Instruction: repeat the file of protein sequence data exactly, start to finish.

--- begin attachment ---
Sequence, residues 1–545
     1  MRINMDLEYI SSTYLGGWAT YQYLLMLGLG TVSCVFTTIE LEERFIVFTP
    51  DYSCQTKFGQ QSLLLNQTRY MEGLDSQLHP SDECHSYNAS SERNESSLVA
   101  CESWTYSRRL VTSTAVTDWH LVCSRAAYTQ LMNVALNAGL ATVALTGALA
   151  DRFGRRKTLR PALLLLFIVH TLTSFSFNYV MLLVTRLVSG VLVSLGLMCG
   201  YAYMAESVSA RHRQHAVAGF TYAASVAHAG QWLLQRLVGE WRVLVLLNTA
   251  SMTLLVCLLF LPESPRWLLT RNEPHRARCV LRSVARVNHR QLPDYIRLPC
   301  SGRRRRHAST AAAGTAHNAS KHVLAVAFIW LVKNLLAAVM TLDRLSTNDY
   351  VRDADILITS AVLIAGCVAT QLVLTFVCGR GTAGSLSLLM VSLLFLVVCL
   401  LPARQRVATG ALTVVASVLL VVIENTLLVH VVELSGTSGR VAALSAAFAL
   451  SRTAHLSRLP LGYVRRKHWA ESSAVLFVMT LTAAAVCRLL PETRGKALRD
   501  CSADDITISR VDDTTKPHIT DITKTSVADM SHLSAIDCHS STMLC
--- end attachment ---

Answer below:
Sequence, residues 1–545
     1  MRINMDLEYI SSTYLGGWAT YQYLLMLGLG TVSCVFTTIE LEERFIVFTP
    51  DYSCQTKFGQ QSLLLNQTRY MEGLDSQLHP SDECHSYNAS SERNESSLVA
   101  CESWTYSRRL VTSTAVTDWH LVCSRAAYTQ LMNVALNAGL ATVALTGALA
   151  DRFGRRKTLR PALLLLFIVH TLTSFSFNYV MLLVTRLVSG VLVSLGLMCG
   201  YAYMAESVSA RHRQHAVAGF TYAASVAHAG QWLLQRLVGE WRVLVLLNTA
   251  SMTLLVCLLF LPESPRWLLT RNEPHRARCV LRSVARVNHR QLPDYIRLPC
   301  SGRRRRHAST AAAGTAHNAS KHVLAVAFIW LVKNLLAAVM TLDRLSTNDY
   351  VRDADILITS AVLIAGCVAT QLVLTFVCGR GTAGSLSLLM VSLLFLVVCL
   401  LPARQRVATG ALTVVASVLL VVIENTLLVH VVELSGTSGR VAALSAAFAL
   451  SRTAHLSRLP LGYVRRKHWA ESSAVLFVMT LTAAAVCRLL PETRGKALRD
   501  CSADDITISR VDDTTKPHIT DITKTSVADM SHLSAIDCHS STMLC